However, in cases where there are already many employees in the U.S. organization with the same specialized knowledge as that of the beneficiary, officers generally should carefully consider the organization’s need to transfer the beneficiary to the United States.
Id. at 10.
One wonders where this standard comes from. If this is what Congress intended, USCIS’ references to it in the legislative history of the L-1B seem conspicuously absent. If, as seems to be the case, Congress did not mandate or even suggest the adoption or such criteria, or even endorse its relevance, whether directly or by implication, where and why does the USCIS find justification for its inclusion? Indeed, this is all too typical of the USCIS approach to the L-1B, and other work visas as well, whereby a standard is announced and becomes justified largely because of its repeated invocation. This indeed is the heart of the matter, namely that L-1 adjudicatory standards change not when external realities or Congressional dictat require such a change but when the USCIS for its own reasons shielded from public information and discussion decides to make a change. As the L-1B becomes more distant from the economic facts that gave rise to it in the first place, the value of the visa diminishes just as the degree of difficulty in gaining an approval rises. When a work visa such as the L-1B ceases to function the way the economy functions, the underlying logic behind the visa becomes increasingly cloudy and subject to challenge.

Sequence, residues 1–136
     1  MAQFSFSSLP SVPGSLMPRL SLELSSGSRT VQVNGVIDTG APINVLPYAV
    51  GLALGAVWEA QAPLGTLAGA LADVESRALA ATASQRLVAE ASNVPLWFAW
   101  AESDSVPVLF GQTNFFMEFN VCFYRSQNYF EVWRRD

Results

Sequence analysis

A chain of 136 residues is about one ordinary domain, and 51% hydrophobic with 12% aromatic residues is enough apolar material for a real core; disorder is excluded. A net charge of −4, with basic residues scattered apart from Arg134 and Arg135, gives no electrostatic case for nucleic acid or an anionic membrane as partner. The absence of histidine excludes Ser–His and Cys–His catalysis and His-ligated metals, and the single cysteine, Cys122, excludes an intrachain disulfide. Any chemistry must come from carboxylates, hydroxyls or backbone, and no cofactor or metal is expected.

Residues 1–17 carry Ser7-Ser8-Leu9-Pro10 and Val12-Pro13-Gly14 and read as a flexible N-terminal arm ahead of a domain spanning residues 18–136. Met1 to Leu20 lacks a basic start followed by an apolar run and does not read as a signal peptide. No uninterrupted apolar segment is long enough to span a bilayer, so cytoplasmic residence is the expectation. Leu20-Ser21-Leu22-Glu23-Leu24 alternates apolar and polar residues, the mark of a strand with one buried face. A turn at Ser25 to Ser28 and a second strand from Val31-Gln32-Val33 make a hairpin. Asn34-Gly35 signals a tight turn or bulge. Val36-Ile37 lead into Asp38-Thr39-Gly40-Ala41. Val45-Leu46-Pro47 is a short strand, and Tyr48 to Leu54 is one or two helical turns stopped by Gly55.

Other language that has been introduced in this memo, which was not in the Puleo memo, is the demonstration that that the knowledge cannot be easily transferred to or taught to an individual. The Puleo memo stopped there, but the new guidance adds that such transfer of knowledge cannot be done “without significant economic cost or inconvenience (because, for exampl.e, such knowledge may require substantial training, work experience, or education).”